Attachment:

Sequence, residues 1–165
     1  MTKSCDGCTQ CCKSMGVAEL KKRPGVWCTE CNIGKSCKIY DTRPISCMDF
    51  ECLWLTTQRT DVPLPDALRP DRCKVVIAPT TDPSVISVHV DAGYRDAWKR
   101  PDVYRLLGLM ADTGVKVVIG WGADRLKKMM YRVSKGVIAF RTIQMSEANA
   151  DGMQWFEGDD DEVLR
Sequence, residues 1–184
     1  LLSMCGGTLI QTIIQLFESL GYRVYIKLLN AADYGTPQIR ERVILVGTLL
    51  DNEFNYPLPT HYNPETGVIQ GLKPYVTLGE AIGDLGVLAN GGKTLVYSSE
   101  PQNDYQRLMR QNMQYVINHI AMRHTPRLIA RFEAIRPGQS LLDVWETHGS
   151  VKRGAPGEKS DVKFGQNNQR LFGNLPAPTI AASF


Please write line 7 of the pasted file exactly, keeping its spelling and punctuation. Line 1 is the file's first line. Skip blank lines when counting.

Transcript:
     1  LLSMCGGTLI QTIIQLFESL GYRVYIKLLN AADYGTPQIR ERVILVGTLL